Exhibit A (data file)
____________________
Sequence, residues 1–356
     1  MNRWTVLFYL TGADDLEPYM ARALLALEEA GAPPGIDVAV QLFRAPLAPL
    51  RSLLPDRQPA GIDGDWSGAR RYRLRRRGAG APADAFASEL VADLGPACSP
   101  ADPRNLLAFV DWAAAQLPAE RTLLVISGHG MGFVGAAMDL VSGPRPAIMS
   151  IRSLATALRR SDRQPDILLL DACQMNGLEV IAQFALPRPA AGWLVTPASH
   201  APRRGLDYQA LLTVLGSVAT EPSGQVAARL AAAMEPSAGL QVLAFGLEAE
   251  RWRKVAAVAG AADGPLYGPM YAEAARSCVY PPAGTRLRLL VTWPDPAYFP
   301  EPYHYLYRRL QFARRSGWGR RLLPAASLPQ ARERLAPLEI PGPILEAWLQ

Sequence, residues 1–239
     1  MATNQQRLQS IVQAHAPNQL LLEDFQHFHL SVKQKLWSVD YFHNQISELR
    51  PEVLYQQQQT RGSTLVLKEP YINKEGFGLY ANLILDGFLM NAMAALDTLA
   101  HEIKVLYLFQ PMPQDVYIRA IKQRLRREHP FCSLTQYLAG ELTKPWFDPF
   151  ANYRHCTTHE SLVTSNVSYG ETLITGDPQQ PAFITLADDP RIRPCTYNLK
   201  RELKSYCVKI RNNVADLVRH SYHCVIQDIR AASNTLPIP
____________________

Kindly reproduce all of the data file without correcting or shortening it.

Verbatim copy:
Sequence, residues 1–356
     1  MNRWTVLFYL TGADDLEPYM ARALLALEEA GAPPGIDVAV QLFRAPLAPL
    51  RSLLPDRQPA GIDGDWSGAR RYRLRRRGAG APADAFASEL VADLGPACSP
   101  ADPRNLLAFV DWAAAQLPAE RTLLVISGHG MGFVGAAMDL VSGPRPAIMS
   151  IRSLATALRR SDRQPDILLL DACQMNGLEV IAQFALPRPA AGWLVTPASH
   201  APRRGLDYQA LLTVLGSVAT EPSGQVAARL AAAMEPSAGL QVLAFGLEAE
   251  RWRKVAAVAG AADGPLYGPM YAEAARSCVY PPAGTRLRLL VTWPDPAYFP
   301  EPYHYLYRRL QFARRSGWGR RLLPAASLPQ ARERLAPLEI PGPILEAWLQ

Sequence, residues 1–239
     1  MATNQQRLQS IVQAHAPNQL LLEDFQHFHL SVKQKLWSVD YFHNQISELR
    51  PEVLYQQQQT RGSTLVLKEP YINKEGFGLY ANLILDGFLM NAMAALDTLA
   101  HEIKVLYLFQ PMPQDVYIRA IKQRLRREHP FCSLTQYLAG ELTKPWFDPF
   151  ANYRHCTTHE SLVTSNVSYG ETLITGDPQQ PAFITLADDP RIRPCTYNLK
   201  RELKSYCVKI RNNVADLVRH SYHCVIQDIR AASNTLPIP